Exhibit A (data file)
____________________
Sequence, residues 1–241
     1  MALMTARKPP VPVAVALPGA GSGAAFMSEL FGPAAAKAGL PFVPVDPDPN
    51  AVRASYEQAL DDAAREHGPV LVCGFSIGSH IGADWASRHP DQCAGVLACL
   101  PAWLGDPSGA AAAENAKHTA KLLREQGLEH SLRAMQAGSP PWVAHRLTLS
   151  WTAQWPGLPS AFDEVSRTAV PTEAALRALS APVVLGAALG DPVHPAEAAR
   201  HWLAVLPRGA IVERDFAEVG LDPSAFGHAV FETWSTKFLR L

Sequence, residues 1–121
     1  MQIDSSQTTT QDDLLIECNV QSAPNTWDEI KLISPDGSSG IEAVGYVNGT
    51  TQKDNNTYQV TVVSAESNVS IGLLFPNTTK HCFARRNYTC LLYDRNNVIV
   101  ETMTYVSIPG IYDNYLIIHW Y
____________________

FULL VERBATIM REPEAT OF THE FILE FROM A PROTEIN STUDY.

Sequence, residues 1–241
     1  MALMTARKPP VPVAVALPGA GSGAAFMSEL FGPAAAKAGL PFVPVDPDPN
    51  AVRASYEQAL DDAAREHGPV LVCGFSIGSH IGADWASRHP DQCAGVLACL
   101  PAWLGDPSGA AAAENAKHTA KLLREQGLEH SLRAMQAGSP PWVAHRLTLS
   151  WTAQWPGLPS AFDEVSRTAV PTEAALRALS APVVLGAALG DPVHPAEAAR
   201  HWLAVLPRGA IVERDFAEVG LDPSAFGHAV FETWSTKFLR L

Sequence, residues 1–121
     1  MQIDSSQTTT QDDLLIECNV QSAPNTWDEI KLISPDGSSG IEAVGYVNGT
    51  TQKDNNTYQV TVVSAESNVS IGLLFPNTTK HCFARRNYTC LLYDRNNVIV
   101  ETMTYVSIPG IYDNYLIIHW Y